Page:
In The Origins of the Urban Crisis, he showed that many of the problems in American cities — decay, slum formation, "white flight" — derived from injustice built into a system that "is a free market in name only," he says. "We’ve distributed public goods so unevenly across metropolitan space." — Peter Monaghan
New Venue for Reformer
Robert Shireman, the financial-aid-reform advocate who once worked in the U.S. Department of Education, has stepped into another influential post in higher-education policy. In July, Mr. Shireman began work as a senior fellow at the Century Foundation, a public-policy think tank in New York.
He was drawn to the foundation, he says, because of its broad scope and its research on labor issues in higher education. "Some of the concerns about quality in higher education are not unrelated to questions about full-time versus adjunct faculty," he says.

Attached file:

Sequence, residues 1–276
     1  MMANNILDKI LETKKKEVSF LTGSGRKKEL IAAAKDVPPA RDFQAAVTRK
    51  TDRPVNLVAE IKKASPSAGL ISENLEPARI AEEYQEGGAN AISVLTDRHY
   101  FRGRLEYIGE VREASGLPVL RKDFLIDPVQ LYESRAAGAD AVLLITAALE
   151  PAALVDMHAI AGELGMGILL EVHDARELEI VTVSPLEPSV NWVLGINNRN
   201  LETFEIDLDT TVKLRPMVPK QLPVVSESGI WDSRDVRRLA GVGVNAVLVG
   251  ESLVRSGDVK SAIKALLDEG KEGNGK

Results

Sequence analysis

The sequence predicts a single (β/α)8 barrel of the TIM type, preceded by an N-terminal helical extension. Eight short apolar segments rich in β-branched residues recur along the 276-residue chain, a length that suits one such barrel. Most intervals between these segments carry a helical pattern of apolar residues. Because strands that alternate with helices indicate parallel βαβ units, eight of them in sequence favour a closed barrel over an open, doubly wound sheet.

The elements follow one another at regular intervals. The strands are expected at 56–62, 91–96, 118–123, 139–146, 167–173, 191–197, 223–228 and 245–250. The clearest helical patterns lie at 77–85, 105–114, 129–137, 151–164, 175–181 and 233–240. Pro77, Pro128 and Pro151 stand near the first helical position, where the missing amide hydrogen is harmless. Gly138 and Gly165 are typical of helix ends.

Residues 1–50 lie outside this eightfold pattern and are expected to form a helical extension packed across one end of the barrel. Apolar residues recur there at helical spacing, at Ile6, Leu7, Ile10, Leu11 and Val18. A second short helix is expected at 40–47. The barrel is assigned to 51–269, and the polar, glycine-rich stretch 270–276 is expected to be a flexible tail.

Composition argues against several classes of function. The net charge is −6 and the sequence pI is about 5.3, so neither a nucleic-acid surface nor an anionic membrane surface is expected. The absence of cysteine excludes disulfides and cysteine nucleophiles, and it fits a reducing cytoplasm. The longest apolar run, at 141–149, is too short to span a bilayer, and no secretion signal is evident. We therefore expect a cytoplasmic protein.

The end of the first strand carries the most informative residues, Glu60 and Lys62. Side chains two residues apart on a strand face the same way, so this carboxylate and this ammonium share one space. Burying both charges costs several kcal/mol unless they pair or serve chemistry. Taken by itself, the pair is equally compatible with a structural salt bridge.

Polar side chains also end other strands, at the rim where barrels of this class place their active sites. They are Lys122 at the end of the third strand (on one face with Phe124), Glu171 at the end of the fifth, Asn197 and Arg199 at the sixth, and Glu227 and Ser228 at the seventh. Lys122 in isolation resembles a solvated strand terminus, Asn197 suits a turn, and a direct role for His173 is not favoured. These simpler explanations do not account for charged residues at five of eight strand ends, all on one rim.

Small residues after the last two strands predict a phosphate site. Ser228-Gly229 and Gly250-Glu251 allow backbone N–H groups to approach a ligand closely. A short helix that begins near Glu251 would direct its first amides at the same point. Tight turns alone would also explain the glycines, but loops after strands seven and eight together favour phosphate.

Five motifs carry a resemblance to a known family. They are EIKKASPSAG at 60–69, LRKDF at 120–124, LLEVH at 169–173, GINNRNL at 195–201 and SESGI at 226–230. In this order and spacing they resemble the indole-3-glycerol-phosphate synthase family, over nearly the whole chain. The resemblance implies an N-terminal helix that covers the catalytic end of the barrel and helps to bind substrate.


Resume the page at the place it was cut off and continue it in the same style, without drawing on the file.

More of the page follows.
For more than two decades, Mr. Shireman has worked as an advocate for financial-aid reform. Most recently, he was executive director of California Competes, a nonprofit organization that works to increase the number of students earning degrees.
While he was deputy under secretary of education during President Obama’s first term, Mr. Shireman oversaw the elimination of federally backed student loans issued by private banks. He also supported gainful-employment regulations that would cut off career colleges’ eligibility for federal student aid if their graduates had unacceptably high loan debt compared with their incomes. That rule went into effect this summer.
The for-profit model can work, Mr. Shireman says, when coursework is clearly aimed at preparing students for particular jobs. "We’re seeing some of that right now in these coding academies."